World Cup dream not over yet for Manusina

In the aftermath of his side’s 41-13 loss to Fiji on Saturday, Manusina coach Ramsey Tomokino told the players their World Cup dream isn’t over yet.

“We’ve just gotta take the long way round now,” he said.

Having missed automatic qualification out of the Oceania Rugby Women’s Championship, Samoa face a playoff against either Papua New Guinea or Tonga next year to qualify for the repechage tournament and keep that dream alive.

Tomokino, whose place as coach is not secure for next year and beyond, said there is the faint silver lining of the regular fixtures the repechage process provides.

“So what we’re trying to put in place will still be fresh in their minds,” he said.

“It’s exactly what Manu Samoa had to do; go through a repechage process to go to a World Cup

“Ours will be a bit tougher, but the one thing about going through the repechage process is it gives Manusina more time to get more games, to grow and build the team.”

The playoff against either Tonga or Papua New Guinea is set to be played in Samoa as well; Manusina’s first home fixture in many years, which Tomokino called an awesome prospect.

Hopefully such an opportunity would draw more players to the cause, with the coach finding it hard to recruit overseas-based players to bolster the limited depth on-island.

“We didn’t have the players that we wanted,” Tomokino said.

He praised those that did commit to the Manusina, that chose to represent Samoa and made sacrifices to do so.

“When so many other girls have turned us down.”

He noted the lack of Samoan players in the Black Ferns Development XV that also competed in the tournament.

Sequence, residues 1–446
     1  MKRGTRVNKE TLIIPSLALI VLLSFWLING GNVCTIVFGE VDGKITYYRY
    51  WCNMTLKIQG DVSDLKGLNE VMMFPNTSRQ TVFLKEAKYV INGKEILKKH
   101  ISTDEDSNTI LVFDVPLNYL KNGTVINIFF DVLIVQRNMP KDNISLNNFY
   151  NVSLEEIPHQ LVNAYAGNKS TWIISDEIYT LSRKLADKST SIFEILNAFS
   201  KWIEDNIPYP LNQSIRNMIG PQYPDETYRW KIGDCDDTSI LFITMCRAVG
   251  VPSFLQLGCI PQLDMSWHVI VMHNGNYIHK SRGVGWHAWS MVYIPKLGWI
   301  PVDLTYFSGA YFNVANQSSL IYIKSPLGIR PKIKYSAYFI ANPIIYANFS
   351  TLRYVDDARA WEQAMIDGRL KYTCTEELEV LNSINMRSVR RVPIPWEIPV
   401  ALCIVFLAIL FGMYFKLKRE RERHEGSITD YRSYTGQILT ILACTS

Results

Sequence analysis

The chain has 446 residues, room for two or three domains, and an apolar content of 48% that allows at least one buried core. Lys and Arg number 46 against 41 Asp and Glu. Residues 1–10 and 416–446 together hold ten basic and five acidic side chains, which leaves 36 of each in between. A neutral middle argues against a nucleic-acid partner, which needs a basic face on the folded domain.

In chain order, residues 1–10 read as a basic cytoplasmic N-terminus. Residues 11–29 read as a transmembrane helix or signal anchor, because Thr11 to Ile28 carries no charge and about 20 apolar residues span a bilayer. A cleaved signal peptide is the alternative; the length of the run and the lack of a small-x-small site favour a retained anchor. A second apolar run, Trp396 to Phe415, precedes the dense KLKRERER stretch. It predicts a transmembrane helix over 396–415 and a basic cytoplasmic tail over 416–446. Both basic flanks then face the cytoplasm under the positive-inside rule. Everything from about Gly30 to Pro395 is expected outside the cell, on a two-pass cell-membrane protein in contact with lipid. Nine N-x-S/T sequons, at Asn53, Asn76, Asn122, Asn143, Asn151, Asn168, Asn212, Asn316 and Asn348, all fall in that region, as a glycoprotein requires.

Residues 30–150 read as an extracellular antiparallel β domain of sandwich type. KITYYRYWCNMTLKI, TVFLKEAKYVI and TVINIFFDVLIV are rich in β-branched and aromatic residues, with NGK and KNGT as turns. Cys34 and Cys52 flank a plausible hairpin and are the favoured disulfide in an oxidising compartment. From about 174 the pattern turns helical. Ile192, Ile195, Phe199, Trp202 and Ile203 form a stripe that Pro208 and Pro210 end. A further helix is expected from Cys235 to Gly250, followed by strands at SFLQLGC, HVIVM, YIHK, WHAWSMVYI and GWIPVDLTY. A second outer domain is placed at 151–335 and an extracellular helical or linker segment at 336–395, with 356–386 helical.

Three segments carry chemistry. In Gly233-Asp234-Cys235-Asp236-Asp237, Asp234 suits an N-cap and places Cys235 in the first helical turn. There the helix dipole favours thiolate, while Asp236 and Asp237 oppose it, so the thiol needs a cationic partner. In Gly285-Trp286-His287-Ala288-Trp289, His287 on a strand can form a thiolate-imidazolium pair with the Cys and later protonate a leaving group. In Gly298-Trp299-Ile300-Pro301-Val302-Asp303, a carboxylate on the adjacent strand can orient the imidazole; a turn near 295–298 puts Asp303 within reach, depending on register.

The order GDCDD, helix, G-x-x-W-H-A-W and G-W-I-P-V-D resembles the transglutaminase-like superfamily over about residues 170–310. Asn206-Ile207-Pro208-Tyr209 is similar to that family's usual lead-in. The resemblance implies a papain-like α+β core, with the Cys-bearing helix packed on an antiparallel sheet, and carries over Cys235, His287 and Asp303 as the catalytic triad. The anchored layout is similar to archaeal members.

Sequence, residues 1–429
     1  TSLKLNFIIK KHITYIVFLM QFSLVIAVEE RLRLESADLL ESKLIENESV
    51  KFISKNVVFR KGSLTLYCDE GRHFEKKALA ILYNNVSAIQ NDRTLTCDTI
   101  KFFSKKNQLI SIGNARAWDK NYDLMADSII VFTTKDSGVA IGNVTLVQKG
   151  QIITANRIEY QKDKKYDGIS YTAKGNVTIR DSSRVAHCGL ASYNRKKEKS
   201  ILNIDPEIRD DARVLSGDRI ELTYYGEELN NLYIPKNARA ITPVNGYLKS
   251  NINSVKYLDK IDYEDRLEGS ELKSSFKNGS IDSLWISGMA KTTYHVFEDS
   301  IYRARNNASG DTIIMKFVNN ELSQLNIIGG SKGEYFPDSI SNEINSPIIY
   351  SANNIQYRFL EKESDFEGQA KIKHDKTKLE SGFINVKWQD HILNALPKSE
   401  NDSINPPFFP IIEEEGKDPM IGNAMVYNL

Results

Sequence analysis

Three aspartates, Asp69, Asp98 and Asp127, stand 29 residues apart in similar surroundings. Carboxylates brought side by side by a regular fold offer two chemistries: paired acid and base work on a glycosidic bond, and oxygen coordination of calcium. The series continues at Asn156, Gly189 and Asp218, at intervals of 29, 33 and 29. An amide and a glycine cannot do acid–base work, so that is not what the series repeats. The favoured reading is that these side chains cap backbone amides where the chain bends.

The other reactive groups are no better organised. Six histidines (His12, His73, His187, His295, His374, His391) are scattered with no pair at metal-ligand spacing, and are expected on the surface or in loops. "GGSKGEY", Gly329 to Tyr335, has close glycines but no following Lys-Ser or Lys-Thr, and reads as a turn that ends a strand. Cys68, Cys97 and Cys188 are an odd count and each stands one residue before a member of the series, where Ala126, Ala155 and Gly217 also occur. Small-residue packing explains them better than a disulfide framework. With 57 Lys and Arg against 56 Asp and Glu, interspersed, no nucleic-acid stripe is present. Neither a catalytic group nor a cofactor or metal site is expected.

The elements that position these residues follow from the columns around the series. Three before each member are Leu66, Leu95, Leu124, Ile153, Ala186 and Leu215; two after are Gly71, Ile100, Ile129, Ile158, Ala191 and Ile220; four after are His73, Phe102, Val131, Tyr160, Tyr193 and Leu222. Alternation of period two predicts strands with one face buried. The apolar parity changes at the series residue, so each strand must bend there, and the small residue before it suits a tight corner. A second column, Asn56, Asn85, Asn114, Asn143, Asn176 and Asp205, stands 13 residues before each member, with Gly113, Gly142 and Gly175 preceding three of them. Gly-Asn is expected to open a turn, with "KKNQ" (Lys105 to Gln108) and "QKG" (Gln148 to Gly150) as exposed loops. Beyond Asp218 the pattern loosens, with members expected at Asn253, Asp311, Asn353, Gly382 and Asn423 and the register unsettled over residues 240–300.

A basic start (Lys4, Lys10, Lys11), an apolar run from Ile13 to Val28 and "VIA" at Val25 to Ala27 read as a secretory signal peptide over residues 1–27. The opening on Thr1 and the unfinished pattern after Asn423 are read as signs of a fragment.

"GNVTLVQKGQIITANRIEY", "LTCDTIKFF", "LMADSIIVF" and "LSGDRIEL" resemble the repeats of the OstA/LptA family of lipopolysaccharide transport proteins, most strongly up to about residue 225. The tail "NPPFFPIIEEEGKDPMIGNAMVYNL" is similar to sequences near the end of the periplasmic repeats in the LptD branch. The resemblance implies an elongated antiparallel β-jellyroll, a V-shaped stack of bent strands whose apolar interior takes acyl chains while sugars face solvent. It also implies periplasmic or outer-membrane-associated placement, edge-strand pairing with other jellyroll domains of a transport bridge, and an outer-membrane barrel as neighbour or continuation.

“Obviously a lot of our Samoan girls were holding out to be in that team and weren’t,” Tomokino said.

The coach wants to build up the local players in the national team, and said they are already key and play a huge part in the team culture.

He said they are good players that would benefit from playing regular rugby at a higher level in New Zealand to get up to speed with the pace of the game at international level:

“They bring that mental toughness and that harder edge, we’ve just gotta add rugby smarts around that and we’ll have a good player.”

But Tomokino noted that Samoa women, including those that play rugby, are relied upon to be caregivers for their families.

“We’ve just gotta get to this mindset with our local girls; find a piece of grass, you don’t have to go all the way into the [Samoa Rugby Union] High Performance Unit to go to the gym,” he said.

“Do some pushups, do some situps, find some grass, do some running.

“It’s just gotta become a daily habit for them, and become a lifestyle as well as doing their chores.”

But that professional attitude is a hard ask for amateur players who have to take unpaid leave from their jobs whenever they represent their country.

“We simply don't have enough time together, not that we don't want to or it can't be supported by SRU but it is simply an employment issue,” Tomokino said.

“The girls were more than grateful for the increased allowances they were given by SRU. We are heading in the right direction but still some way to go.”

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